9:40-10:30 [Paris Time, GMT+2] Vision via Code Synthesis

Carl Vondrick (Columbia University)
Carl Vondrick is an assistant professor of computer science at Columbia University. His research focuses on computer vision and machine learning. By training machines to observe and interact with their surroundings, we believe we can create robust and versatile models for perception. He often develop visual models that capitalize on large amounts of unlabeled data and transfer across tasks and modalities. Other interests include sound and language, interpretable models, high-level reasoning, and perception for robotics. Before Columbia, Carl was a research scientist at Google AI. He completed his PhD in computer science at the Massachusetts Institute of Technology in 2017, and his BS in computer science at the University of California, Irvine in 2011.
10:30-11:20 [Paris Time, GMT+2] Multimodal Indoor Scene Understanding with 3D Scene Graphs

Iro Armeni (Stanford University)
She is an assistant professor at the Department of Civil and Environmental Engineering, Stanford University, leading the Gradient Spaces group. She is interested in interdisciplinary research between Architecture, Civil Engineering, and Machine Perception. Her area of focus is on developing quantitative and data-driven methods that learn from real-world visual data to generate, predict, and simulate new or renewed built environments that place the human in the center. Her goal is to create sustainable, inclusive, and adaptive built environments that can support our current and future physical and digital needs.
11:20-11:50 [Paris Time, GMT+2] Compositional Activity Parsing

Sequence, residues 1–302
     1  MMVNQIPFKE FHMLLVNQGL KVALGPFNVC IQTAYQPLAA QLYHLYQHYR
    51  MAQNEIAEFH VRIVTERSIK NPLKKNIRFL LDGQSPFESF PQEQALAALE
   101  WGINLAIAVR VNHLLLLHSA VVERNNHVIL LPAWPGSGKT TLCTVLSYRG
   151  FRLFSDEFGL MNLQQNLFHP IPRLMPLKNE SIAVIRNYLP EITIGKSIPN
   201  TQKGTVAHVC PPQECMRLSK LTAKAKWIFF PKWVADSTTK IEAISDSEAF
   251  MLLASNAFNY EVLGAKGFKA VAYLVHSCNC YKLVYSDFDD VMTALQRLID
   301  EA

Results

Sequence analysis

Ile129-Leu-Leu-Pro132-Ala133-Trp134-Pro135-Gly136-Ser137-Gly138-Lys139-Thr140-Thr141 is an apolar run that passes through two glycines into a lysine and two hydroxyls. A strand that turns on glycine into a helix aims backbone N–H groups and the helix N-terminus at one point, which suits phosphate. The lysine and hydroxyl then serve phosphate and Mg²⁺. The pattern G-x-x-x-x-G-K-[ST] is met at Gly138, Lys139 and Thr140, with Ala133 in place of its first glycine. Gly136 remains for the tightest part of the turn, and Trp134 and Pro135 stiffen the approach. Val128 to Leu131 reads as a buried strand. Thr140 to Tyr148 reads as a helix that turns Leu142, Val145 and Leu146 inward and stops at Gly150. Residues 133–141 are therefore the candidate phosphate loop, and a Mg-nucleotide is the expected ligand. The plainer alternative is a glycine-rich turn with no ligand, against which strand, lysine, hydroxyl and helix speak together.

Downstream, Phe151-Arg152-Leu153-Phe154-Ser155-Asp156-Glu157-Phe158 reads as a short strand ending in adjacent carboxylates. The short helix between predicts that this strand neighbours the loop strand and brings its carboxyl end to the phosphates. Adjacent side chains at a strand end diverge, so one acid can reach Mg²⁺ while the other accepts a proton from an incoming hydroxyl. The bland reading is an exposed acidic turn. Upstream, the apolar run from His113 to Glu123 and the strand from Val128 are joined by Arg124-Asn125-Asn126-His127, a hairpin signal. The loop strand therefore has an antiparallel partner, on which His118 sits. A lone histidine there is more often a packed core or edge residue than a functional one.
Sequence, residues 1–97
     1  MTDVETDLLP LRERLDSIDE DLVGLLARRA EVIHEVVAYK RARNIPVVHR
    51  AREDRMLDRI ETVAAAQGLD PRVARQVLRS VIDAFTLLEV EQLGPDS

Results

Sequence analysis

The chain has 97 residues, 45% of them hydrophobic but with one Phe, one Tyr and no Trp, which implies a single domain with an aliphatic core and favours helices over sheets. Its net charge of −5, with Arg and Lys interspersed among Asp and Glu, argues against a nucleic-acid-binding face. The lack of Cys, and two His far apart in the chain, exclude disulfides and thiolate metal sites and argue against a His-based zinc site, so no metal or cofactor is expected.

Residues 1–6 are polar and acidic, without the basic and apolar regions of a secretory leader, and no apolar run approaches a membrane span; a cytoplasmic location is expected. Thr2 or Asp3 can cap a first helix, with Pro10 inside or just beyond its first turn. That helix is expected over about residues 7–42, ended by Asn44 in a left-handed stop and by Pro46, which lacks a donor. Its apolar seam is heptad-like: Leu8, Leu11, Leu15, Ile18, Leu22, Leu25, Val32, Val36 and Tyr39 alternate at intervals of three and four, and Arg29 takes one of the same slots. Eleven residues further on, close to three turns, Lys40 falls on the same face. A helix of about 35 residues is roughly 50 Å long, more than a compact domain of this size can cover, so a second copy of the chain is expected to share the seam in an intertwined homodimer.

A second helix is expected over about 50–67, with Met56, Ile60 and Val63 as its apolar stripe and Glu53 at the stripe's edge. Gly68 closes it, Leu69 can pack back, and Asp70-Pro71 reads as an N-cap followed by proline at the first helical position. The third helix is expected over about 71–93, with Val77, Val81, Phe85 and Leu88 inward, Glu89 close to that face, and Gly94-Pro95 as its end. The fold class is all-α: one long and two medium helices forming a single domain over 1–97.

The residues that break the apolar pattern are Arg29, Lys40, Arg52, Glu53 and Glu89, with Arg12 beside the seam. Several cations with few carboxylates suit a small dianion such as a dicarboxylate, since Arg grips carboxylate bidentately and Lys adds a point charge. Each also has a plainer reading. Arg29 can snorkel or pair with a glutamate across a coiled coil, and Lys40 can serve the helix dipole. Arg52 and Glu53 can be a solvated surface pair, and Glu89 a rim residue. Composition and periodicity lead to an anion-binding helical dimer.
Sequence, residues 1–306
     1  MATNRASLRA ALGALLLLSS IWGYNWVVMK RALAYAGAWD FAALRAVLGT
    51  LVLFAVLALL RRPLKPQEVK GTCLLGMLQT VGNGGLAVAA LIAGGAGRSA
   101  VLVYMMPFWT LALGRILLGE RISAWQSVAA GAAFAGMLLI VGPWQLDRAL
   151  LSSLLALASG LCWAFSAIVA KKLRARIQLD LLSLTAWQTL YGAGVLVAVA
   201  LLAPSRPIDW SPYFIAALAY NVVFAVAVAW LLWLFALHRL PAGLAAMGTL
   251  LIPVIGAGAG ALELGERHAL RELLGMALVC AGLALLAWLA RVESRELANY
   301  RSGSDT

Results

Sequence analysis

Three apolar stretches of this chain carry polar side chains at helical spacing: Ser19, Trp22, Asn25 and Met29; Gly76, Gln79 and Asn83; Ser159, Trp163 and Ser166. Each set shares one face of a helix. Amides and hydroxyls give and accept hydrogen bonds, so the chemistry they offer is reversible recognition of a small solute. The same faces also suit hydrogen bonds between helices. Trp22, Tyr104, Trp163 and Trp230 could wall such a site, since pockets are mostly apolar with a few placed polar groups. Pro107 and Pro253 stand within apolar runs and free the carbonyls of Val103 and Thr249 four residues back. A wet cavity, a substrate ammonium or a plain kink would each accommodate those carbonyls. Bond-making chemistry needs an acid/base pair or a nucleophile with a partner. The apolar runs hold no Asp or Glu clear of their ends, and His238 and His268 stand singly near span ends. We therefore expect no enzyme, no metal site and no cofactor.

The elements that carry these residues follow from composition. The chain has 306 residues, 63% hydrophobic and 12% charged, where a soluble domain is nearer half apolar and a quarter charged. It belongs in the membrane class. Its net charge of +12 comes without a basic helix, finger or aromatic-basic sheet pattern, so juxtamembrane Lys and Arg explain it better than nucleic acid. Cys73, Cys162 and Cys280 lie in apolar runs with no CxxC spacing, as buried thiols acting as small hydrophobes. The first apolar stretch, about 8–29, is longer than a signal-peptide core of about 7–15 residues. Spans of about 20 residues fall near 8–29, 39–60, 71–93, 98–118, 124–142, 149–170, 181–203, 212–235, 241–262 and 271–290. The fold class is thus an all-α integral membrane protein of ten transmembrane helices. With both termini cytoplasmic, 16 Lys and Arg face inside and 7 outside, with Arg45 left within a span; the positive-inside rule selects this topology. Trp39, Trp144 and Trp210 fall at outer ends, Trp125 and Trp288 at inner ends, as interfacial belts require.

Ehsan Adeli (Stanford University)
Dr. Ehsan Adeli is an assistant professor at Stanford University School of Medicine (Computational Neuroscience Lab) and is also affiliated with the Department of Computer Science at Stanford’s School of Engineering (Stanford Vision and Learning Lab). With a Ph.D. in computer vision and artificial intelligence, Dr. Adeli is applying his expertise to solve critical problems in healthcare and neuroscience.
11:50-12:00 [Paris Time, GMT+2] Closing Remarks

Kazuki Kozuka (Panasonic)
He is a manager at Panasonic Holdings Corporation. His research interests lie in visual understanding through machine learning, mainly for computer vision.


Kazuki Kozuka


Edward Vendrow

Stanford University

Ehsan Adeli

Stanford University

Jihoon Chung

Princeton University

Olga Russakovsky

Princeton University

Madeleine Grunde-McLaughin

University of Washington

Ranjay Krishna

University of Washington

Juan Carlos Niebles

Salesforce Research, Stanford University

FeiFei Li

Stanford University

Program Committees

Haofeng Chen

Stanford University

Neha Konakalla

Stanford University

Yuta Kyuragi